Underrated – Steve Smith: The now 34-year-old Smith will still be the focus in the Panthers passing attack. Sure, he's aged. And yes, he's no longer the fantasy stud he once was. But over the last two seasons, Smiff has been the 14th-best wideout in fantasy football. He may have durability concerns given his age, but we have to keep his competition in mind: no one. If he's healthy, which he's shown he can be since his 2004 campaign, there's no reason to think he can't be a Top 20 receiver in 2013.
Overrated – Jonathan Stewart: I'm not entirely convinced DeAngelo Williams is done as a runner, especially when you consider Stewart's ankle issues. We were all excited and ready for Williams to leave Carolina this offseason, but his restructured contract didn't allow for that to happen. It's time to stay away from Carolina's running game in fantasy football for yet another year. Stewart's health and the potential timeshare are scary concerns.
Favorite/Best – Matthew Stafford: Stafford has led the league in pass attempts for each of the past two seasons, and it's hard to think that Detroit will be riddled with so many injuries to their receiving corps and just plain bad luck (Calvin Johnson getting repeatedly tackled on the one-yard line). Adding a weapon like Reggie Bush won't hurt this offense either. I see a nice bounce back for Stafford and think he's an excellent target for teams that wait until Round 5 or after to nab their signal-caller.
Underrated – Tony Romo: Consistency is the name of the game, and in fantasy circles, Romo has been a really good option for years. Romo has finished as a Top 10 fantasy quarterback in each healthy season, going all the way back to 2007. If you miss out on the top-tiered QB's, there's nothing wrong with waiting a few round to nab this consistently excellent value to lead you fake football squad.
Overrated – BenJarvus Green-Ellis: The Law-Firm seems to have merely average speed, average power, average looks, average carpentry skills and is just an average fantasy option. He'll also start to lose touches to the more dynamic Gio Bernard before too long. Green-Ellis doesn't look like much more than an RB3 or RB4 at this point.
Favorite/Best – Robert Griffin III: The injury last season will push his value down but every bit of news covering his rehab schedule (and there's been a lot of it) has been overwhelmingly positive. The physical gifts are evident but where he'll really shine this year is having a year of the mental side of the game under his belt. It's a scary combination.
Underrated – Cecil Shorts: The guy did everything for Jacksonville last year, and with Justin Blackmon suspended for four games, he'll be leaned on heavily early on. Even in this day of Red Zone and Sunday Ticket, Jaguar players seem to be consistently overlooked.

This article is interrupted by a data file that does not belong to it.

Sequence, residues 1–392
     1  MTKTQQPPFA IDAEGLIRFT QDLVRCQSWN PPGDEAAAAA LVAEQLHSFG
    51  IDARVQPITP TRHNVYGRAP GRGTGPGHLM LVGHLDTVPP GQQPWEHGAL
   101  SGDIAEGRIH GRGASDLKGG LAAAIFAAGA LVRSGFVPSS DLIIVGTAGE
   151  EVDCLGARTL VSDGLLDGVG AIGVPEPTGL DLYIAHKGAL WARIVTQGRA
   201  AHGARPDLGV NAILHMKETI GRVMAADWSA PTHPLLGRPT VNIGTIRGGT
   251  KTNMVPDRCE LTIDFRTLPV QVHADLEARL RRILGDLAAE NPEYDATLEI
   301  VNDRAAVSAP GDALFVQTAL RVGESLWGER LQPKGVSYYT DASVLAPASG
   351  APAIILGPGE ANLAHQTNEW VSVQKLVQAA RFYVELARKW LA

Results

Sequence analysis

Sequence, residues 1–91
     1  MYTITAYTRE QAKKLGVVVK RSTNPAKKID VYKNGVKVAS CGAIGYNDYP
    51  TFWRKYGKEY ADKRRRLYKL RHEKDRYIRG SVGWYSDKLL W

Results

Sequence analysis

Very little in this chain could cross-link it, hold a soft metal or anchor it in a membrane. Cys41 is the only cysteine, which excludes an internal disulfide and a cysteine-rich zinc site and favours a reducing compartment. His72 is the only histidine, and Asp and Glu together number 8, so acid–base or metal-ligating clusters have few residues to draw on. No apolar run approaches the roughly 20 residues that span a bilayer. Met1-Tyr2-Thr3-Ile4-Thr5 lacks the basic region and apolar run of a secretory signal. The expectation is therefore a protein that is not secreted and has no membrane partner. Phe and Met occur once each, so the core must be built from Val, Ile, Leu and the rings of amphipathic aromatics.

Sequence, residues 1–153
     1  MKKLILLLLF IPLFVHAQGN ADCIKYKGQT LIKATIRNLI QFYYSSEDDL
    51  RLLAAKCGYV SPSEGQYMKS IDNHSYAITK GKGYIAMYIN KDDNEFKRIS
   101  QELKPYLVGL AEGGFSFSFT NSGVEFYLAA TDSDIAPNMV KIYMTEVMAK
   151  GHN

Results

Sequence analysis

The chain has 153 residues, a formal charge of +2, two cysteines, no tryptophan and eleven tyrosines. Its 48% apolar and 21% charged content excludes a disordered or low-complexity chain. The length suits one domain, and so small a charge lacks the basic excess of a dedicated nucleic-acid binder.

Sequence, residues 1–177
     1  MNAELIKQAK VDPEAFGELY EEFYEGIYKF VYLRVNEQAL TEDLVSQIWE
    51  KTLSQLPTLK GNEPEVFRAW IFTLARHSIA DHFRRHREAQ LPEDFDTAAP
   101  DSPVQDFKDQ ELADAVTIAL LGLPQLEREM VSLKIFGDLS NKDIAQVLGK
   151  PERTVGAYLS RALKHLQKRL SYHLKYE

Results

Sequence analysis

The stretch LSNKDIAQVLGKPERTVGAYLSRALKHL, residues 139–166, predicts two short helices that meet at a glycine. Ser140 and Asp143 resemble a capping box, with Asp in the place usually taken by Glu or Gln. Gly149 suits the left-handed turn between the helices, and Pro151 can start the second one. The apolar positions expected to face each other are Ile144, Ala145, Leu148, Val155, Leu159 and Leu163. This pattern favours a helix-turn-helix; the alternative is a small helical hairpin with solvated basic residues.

Overrated – Dennis Pitta: This isn't a knock on Pitta as much as it's a compliment to Ed Dickson. Dickson's no Jimmy Graham, but he's good enough to take receptions and touchdowns away from Pitta.
Favorite/Best – Cecil Shorts: I really want to target Cecil Shorts in the middle rounds, but his QB situation is one of the worst in the league. He posted the No. 2 Adjusted Fantasy Points/Target in 2012, which is a metric I created to account for the quality of a receiver's QB play. If Shorts can even get mediocre QB play in the near future, he's likely to explode.
Underrated – Shane Vereen: In late June, I made the case that Shane Vereen should be going earlier in fantasy drafts, and I still believe he has a good chance to finish as a fringe RB2, especially in PPR formats. He and Danny Woodhead combined to post the No. 12 PPR RB numbers last season, and with Woodhead now gone, Vereen should assume most of his workload in the offense. There were also reports of Vereen frequently lining up at receiver in OTAs, so the team is likely to lean on him in the passing game as well as they try to account for the loss of Aaron Hernandez (and possibly Rob Gronkowski).
Overrated – Jonathan Stewart: Stewart had offseason surgery on BOTH of his ankles and the team is concerned that he won't be ready for training camp. Even if J-Stew is ready to play, he's a major injury risk heading into the season. And he has a couple of good RBs (DeAngelo Williams and Mike Tolbert) breathing down his neck. There are lots of red flags here.
Favorite/Best – Robert Griffin: Griffin showed in his rookie season that he has the tools to be fantasy football's No. 1 QB. The Redskins are reportedly "astonished" with Griffin's recovery from knee surgery. RG3 is looking like a steal at No. 65.